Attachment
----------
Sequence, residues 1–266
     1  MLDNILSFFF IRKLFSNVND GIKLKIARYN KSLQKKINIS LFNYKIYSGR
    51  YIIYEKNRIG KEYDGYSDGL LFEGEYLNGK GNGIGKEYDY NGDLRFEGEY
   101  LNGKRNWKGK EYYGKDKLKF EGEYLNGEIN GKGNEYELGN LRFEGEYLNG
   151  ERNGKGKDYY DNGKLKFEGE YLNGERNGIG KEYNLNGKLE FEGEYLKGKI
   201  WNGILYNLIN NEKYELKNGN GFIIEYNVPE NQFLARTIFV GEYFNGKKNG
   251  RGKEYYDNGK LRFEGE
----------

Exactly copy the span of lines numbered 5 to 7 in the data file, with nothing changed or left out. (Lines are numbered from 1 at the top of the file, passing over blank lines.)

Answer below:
   151  ERNGKGKDYY DNGKLKFEGE YLNGERNGIG KEYNLNGKLE FEGEYLKGKI
   201  WNGILYNLIN NEKYELKNGN GFIIEYNVPE NQFLARTIFV GEYFNGKKNG
   251  RGKEYYDNGK LRFEGE